NR: Six years ago we started to do work on an international level. We’re a very hands-on firm so distance was a challenge. How would we maintain that closeness working on projects in places likes Saudi Arabia, India, and England? Our solution was to locate partners in those local communities and to make them part of the team. They are able to help us tap into local traditions and culture as well as building codes. We want to make sure we are designing buildings that relate to how people live there, not here. We wanted boots on the ground, so to speak. We also have no problem jumping on a plane quickly and rely a lot on Skype and Go-to Meeting. It’s important to see reactions on people’s faces.
TZL: What’s something that makes you proud?
NR: Seventy-five percent of our work is repeat business.
TZL: What’s your vision for the future?
NR: We’ve been talking about this a lot lately. In April of next year, we’ll be celebrating 30 years in business. That’s a wonderful landmark. What to do for the next 20 years? We’re not retiring; they usually take architects out feet first. We’d like to give back more. In addition to maintaining our core business, we’d like to focus on new forms of quality housing for people who need access. We also want to focus on innovation and sustainability, while being socially responsible. Doing more pro-bono work is on the front burner. A home should nurture and we want to help people feel good about themselves.
TZL: What’s a recent project that’s especially close to your heart?
NR: The Lincoln Square Synagogue on the Upper West Side in Manhattan. It’s the first spiritual space we’ve ever done. Sixteen architects were interviewed, but we got the job. We discussed the opportunity for the congregation to define who they were through the space and the ability to create a spiritual home for them to pray, celebrate and educate. We took a true journey with the client. It was wonderful. The building is 53,000 square feet and features many symbolic references that include five ribbons of glass that represent the five books of the Torah.
TZL: What sets your firm apart from others?
NR: Our partners are very hands-on. All partners spend about 85 percent of their time on actual projects. We create an intimate client experience.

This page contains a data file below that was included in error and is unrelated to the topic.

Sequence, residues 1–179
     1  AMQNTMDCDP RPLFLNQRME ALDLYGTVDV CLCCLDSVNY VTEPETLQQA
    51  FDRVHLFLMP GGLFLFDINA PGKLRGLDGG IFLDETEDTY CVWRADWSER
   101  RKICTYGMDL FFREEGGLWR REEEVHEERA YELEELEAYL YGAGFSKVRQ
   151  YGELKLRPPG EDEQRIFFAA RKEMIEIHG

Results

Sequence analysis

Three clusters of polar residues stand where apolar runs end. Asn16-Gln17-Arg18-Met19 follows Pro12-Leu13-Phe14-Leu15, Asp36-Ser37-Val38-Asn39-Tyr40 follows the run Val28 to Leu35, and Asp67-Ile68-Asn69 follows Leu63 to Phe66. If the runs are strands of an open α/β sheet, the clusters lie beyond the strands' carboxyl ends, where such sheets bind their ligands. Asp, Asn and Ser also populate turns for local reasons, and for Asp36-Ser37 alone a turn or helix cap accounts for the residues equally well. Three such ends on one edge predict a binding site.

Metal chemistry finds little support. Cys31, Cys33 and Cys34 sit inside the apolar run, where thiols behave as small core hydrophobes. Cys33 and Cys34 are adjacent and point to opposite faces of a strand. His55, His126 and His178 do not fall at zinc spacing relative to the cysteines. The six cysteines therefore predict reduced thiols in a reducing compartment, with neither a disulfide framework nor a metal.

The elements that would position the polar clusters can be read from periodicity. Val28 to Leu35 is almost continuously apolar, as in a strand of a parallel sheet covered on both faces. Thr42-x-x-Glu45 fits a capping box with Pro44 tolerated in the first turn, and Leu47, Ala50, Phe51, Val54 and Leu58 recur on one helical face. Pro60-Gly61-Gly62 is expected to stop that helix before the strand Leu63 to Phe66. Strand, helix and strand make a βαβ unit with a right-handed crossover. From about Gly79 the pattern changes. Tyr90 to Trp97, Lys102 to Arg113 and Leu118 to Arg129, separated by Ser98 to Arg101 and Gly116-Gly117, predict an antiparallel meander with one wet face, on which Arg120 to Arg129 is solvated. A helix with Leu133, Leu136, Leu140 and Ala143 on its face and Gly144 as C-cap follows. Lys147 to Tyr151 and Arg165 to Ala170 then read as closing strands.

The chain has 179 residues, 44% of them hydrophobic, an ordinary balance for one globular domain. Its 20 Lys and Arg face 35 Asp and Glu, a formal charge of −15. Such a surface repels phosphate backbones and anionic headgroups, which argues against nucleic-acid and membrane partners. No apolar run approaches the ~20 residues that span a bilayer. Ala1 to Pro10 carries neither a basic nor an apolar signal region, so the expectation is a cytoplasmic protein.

TZL: Any exciting news to share?
NR: We’re working on three K-12 schools in India. In June, the first phase opened. It has 2,500 students.
TZL: Do you have kids?
NR: We have one daughter, Andrea. She is studying human rights and social justice in law school.
TZL: What’s something not many people know about you?
NR: I still like to draw – charcoal and ink – mostly. And when I travel, I enjoy hunting down stone quarries and finding new materials.
TZL: Do you have a dream vacation?
NR: Bhutan, a Buddhist civilization in the Himalayas. Being a city girl, the culture sounds amazing.
TZL: What’s the last book you read?
NR: The Snow Leopard by Peter Matthiessen. It’s about a journey through the mountains of Tibet. I’m starting to sound very granola, but I really am very urban.
TZL: Who’s a leader you admire?
NR: My husband. He’s wanted to be an architect since he was 8. He’s a pure designer and so committed to solving problems. We share an office that’s about 30-by-18 feet and I see magic happen daily. We have an amazing respect for each other.
TZL: What activities do you enjoy outside of work?
NR: Visiting art museums, biking, cooking, reading, and being with friends and family.
TZL: What’s your favorite lunch?
NR: I’d love to have a three-hour lunch on the lawn of our cottage in Duchess County. It would consist of some locally-made mozzarella, basil, and tomatoes from the garden, olive oil from Italy, crusty bread, and a good red wine.